Some years ago, there was an outbreak of nostalgia in society - not only, as is customary, for the junk items of generations past but for their owners. The extended family.
People were lamenting the isolation of what is not so gently called the nuclear family, and musing about how nice it would be to have grandparents and other relatives within easy reach, if not actually in the same dwelling, as in societies they admired from a distance.Miss Manners found this curious, considering that in this particular society, family attachments are considered to cease when the young become teenagers. "They'll hate you," well-wishers say to those parents who are not yet at the stage to receive condolences for having the children around, or congratulations on having gotten rid of them.
The normal ambition of children is supposed to be to leave home as soon as possible, to the extent that those who tarry are considered damaged. Their destination is assumed to be chosen without regard to its distance from their family of origin, unless it is to ensure mental health by being far enough to make visiting difficult.
Now that paradoxical wish for clan living has come true for many people, although perhaps not in the way they had envisioned. The thought - extremely appealing to Miss Manners, who had never bought into the idea of natural antagonism between the generations - was of a family where the old would share their wisdom (not to mention household and child-care duties), while the young offered their more robust protection.
Here's what has happened instead:
Grandparents found themselves to be the primary guardians of the children of their divorced or never-married children, sometimes when the parents of the grandchildren were young enough to require parenting themselves, and sometimes in the total absence of those parents.
Grown-up children found themselves to be the primary guardians of parents in need of nursing care.
Grown children found themselves living with their parents, not for the satisfactions of continued family life but in some sort of landlord-boarder arrangement, which both would frankly characterize as being done only out of financial necessity.
Amid all the talk of burdens and mooching and separation anxieties, Miss Manners has also heard about extended families whose motivation for living together is love and compassion. But she recognizes that even they are not immune to the special etiquette problems of having more than one grown-up generation in a household.
The difficulty is in redistributing the amount of autonomy, jurisdiction, responsibility and authority that exists between parents and minor children without altering the respect owed to all members of the family and particularly to the elders.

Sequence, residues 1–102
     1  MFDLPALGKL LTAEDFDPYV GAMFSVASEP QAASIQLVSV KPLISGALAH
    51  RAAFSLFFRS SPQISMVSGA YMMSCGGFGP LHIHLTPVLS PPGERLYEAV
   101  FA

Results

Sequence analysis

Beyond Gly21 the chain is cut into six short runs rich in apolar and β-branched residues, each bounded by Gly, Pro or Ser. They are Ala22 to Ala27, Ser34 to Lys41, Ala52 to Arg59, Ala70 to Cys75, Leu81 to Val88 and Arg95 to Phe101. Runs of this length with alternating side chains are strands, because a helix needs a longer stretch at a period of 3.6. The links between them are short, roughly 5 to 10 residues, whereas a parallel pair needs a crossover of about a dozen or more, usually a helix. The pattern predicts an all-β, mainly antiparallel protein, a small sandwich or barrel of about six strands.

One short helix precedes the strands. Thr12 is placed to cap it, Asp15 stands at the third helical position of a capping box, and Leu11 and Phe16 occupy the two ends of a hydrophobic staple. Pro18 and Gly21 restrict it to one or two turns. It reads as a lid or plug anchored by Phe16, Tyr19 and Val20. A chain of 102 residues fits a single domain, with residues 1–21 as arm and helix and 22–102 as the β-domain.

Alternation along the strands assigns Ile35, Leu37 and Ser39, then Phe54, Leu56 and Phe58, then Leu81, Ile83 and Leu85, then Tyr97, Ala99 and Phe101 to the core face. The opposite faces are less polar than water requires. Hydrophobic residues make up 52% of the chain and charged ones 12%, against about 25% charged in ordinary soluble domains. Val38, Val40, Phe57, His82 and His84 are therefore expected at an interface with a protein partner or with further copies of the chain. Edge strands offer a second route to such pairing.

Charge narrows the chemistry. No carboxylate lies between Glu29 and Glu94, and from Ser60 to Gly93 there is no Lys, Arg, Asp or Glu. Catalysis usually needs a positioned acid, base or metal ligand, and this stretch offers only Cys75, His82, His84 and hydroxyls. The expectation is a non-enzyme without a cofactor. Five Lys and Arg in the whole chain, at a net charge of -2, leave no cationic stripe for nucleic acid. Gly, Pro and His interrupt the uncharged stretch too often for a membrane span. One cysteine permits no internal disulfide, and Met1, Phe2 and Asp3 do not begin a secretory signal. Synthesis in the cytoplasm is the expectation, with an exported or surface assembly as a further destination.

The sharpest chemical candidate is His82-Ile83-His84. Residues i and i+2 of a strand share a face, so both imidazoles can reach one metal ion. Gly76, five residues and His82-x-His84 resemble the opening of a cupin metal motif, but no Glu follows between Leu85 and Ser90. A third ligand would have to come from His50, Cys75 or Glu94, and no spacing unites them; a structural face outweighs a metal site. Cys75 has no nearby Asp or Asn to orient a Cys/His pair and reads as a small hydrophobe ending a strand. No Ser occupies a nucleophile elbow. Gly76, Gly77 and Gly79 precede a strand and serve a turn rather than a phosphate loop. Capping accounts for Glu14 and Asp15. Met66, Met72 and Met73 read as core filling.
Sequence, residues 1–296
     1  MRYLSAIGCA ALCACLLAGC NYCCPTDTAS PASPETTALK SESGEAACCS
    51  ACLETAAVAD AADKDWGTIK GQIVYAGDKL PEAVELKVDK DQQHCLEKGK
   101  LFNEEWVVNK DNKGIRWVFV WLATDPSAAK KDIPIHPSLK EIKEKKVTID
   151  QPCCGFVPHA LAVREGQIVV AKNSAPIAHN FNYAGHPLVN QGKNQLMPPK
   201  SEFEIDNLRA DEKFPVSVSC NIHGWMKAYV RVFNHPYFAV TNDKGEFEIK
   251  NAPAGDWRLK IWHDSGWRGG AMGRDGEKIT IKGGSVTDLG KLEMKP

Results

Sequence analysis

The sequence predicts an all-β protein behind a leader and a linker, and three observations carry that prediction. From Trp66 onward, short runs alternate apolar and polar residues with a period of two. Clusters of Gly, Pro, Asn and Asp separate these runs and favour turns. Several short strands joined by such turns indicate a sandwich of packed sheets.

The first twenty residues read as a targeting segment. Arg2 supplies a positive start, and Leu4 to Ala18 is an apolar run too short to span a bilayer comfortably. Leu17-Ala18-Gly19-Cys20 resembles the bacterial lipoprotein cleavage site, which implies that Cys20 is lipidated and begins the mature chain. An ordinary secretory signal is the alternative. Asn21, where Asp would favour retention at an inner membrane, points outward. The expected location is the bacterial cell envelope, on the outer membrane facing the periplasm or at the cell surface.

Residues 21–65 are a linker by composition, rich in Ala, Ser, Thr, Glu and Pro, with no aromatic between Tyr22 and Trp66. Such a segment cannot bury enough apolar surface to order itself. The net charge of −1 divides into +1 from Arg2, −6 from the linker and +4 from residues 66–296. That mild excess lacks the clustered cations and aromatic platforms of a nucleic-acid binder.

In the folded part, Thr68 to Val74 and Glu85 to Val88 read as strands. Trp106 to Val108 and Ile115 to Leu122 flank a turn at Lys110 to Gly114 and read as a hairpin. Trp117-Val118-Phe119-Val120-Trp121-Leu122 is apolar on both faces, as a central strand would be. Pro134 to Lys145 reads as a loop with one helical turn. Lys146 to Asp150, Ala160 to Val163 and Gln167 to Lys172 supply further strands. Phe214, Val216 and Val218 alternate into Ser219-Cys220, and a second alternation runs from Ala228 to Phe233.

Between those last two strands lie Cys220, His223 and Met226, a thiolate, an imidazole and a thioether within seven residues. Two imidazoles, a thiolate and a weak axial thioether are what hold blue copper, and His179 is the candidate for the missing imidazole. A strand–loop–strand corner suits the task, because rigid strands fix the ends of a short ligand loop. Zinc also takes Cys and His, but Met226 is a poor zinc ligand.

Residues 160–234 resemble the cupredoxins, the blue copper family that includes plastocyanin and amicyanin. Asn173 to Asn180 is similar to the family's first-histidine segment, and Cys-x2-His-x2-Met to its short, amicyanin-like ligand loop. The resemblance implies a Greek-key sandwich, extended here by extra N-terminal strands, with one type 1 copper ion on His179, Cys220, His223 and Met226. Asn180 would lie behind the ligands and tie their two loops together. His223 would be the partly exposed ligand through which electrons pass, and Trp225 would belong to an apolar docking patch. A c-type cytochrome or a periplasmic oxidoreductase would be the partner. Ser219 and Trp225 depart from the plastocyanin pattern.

Adult children acquire more autonomy and responsibility, both of which may have to be lessened for the oldest members. Nevertheless, a family household is not a boarding house, where people are supposed to pretend they have no interest in one another's private lives.
Generally, the generation that established the household, parents or grandparents, has jurisdiction over how it is used, such as the distribution of space. But they are not hotel owners who arrange things as they please, inviting anyone who doesn't like it to leave; they are supposed to check that they are acting in everyone's interest.
And while the household rules may have been developed by the eldest generation in residence, the household is not a business controlled by those with the most stock. Among its grown-up members, the trick is to accommodate opinions through compromise, not through a dictatorship or majority rule.
Each family must make its adjustments to take into account the others' preferences and requirements.
Miss Manners is not claiming that any of this is easy - psychologically or logistically.
But the usual way of doing it, distributing power according to how much money each contributes, is antithetical to family life. Families may pool their resources, but even those who are hard up are not supposed to sell power and respect in the family hierarchy.
Dear Miss Manners: Is it possible to show appreciation for a gift without giving the impression that you would like to receive more of the gift in the future? If you let it be known that you like penguins, are you destined to have a house full of penguin items?
I recently admired a friend's porcelain figurine, but I wondered if my reaction was right to indicate that, though I knew she liked it, I didn't want a lot of "collectibles" given to me. Sometimes, people seem to want others to collect something so they will know what to give them.
Is there a way to react politely but with not enough enthusiasm? How do you say "thank you" because you truly do appreciate the thought, but you do not want more of the same?
Gentle Reader: This is the sort of problem that has led to gift registries, "cash only" and other modern atrocities. People who plan to give presents are supposed to listen for clues, so if you have someone who is both alert and generous, you do have to be careful as well as gracious.
Try: "This is perfect! It really completes my penguin collection. I love it, and now I'm going to have such fun thinking what I might want to take up next."